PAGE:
Monica Ong is a 21st-century visual poet who extends the reader’s sense of what is possible.
John Wilson’s 1952 mural “The Incident,” is a salient meditation on the horrors of lynching and though physically lost, the mural endures in archival images, preliminary sketches, and studies.
In this exhibition, radical Victorian artists and designers question industrialization and strive to create a more beautiful, ethical world. On view through May 10.
Ruskin was captivated with more than just art and architecture. He wrote at some length on geology, mythology, crystallography, ornithology, herpetology — and who knows what else.
This is the first exhibition at the Yale Center for British Art dedicated exclusively to filmmaking and video art. On view from October 10 to December 29, 2019.
This is the second exhibition in a series of three curated by the Pulitzer Prize-winning author Hilton Als. On view at the Yale Center for British Art through December 15, 2019.
A new report suggests that art can play an important role in welcoming women and minority groups into spaces of higher education that have historically excluded them.
Eileen Hogan: Personal Geographies examines her artistic process and feature sketchbooks alongside finished paintings. On view at the Yale Center for British Art from May 9 to August 11.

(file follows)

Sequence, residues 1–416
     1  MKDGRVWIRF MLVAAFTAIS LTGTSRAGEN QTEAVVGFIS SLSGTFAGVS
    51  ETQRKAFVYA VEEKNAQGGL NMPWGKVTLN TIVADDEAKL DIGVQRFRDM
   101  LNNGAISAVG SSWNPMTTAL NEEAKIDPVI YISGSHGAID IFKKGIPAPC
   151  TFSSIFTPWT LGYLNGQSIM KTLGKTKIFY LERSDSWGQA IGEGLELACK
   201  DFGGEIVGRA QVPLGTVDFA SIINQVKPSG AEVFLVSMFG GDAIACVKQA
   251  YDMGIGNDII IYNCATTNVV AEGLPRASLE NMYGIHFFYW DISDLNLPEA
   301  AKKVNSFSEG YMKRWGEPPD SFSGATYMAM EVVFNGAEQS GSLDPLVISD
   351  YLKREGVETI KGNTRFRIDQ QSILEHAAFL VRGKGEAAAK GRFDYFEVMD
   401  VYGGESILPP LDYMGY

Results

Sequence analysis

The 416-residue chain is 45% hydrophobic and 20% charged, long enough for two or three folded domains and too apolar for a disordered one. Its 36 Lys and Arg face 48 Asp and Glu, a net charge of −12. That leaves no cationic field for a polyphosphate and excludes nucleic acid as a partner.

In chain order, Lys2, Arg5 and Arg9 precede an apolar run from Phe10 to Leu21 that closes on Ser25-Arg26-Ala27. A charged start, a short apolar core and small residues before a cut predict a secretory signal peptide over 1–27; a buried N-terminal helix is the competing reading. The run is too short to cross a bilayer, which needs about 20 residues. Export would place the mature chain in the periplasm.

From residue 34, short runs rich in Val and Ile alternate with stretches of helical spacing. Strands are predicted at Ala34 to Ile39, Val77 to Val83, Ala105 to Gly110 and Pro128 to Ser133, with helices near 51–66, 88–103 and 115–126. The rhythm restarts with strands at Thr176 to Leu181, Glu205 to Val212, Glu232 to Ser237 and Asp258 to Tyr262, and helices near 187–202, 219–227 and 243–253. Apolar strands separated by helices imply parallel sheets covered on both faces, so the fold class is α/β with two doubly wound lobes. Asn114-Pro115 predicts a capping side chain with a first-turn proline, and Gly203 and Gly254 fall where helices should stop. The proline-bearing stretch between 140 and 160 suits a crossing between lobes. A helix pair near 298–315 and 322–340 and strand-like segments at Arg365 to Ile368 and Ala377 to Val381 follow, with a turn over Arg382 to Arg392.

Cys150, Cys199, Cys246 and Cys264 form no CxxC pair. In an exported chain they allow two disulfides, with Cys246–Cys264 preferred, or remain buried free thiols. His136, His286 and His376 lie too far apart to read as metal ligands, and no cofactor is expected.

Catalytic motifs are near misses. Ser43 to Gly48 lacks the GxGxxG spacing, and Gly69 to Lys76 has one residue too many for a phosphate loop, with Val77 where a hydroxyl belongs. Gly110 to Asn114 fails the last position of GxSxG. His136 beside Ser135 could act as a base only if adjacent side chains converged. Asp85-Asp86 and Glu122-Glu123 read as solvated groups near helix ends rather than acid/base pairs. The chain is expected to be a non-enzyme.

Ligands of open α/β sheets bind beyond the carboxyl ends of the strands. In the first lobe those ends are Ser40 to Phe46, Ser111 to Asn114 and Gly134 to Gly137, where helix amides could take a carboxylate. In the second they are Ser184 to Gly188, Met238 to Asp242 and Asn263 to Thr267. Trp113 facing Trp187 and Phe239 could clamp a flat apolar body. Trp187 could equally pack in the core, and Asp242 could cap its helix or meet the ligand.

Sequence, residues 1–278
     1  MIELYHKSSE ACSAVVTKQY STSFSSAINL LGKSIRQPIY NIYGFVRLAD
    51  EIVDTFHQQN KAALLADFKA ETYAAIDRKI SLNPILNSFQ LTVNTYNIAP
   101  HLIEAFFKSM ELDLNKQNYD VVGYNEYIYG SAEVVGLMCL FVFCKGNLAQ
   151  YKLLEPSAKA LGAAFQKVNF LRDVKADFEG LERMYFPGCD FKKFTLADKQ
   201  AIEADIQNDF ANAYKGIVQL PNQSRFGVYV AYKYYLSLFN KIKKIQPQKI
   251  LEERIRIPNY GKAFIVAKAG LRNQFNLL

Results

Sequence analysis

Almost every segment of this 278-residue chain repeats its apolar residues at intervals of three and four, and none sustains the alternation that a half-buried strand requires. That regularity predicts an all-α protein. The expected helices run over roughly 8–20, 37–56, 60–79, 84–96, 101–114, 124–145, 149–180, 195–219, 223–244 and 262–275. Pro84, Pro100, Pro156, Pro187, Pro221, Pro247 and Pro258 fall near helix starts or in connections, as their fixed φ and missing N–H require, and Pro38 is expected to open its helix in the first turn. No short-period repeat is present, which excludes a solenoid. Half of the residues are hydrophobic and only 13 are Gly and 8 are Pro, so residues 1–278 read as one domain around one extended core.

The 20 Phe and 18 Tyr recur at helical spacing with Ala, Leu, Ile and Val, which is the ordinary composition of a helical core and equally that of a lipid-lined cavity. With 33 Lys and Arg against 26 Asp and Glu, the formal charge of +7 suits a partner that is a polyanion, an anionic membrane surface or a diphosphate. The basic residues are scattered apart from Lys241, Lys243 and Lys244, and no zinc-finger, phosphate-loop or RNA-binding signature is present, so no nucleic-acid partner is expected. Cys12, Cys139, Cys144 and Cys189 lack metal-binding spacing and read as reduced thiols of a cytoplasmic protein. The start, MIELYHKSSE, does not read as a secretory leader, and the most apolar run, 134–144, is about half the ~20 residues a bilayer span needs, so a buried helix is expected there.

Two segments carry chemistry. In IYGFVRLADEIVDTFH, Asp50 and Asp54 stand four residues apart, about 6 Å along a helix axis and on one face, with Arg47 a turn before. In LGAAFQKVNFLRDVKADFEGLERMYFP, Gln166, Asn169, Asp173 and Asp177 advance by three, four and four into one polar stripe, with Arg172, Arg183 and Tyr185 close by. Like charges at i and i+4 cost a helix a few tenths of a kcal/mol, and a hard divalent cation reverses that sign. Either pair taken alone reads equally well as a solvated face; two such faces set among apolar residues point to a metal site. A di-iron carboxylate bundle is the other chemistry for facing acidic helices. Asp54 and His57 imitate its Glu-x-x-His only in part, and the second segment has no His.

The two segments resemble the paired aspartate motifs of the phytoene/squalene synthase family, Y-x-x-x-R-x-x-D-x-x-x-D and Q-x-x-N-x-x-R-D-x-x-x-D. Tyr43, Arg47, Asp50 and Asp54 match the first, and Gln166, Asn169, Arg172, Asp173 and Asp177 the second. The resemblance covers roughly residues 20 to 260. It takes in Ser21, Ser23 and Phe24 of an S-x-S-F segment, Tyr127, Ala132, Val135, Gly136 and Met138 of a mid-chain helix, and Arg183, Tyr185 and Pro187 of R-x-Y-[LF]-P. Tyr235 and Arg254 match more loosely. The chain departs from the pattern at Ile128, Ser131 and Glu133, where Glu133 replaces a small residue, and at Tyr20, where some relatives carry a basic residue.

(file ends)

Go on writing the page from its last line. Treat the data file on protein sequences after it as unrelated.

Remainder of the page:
Studios are open to the public and located across three buildings on Yale’s campus in downtown New Haven.
The exhibition features nearly seventy paintings, more than sixty drawings, as well as several new works.
Tom Burr’s installations bring together past and present in a famous Brutalist building in New Haven.
Prominence of name has never guaranteed the preservation of architecture. Frank Lloyd Wright’s Park Avenue Showroom was demolished in 2013 just blocks from his iconic Guggenheim Museum, Louis Kahn’s Philadelphia commercial storefront was torn down in 2014, just a couple of years after the grand unveiling of his Four Freedoms Park in New York.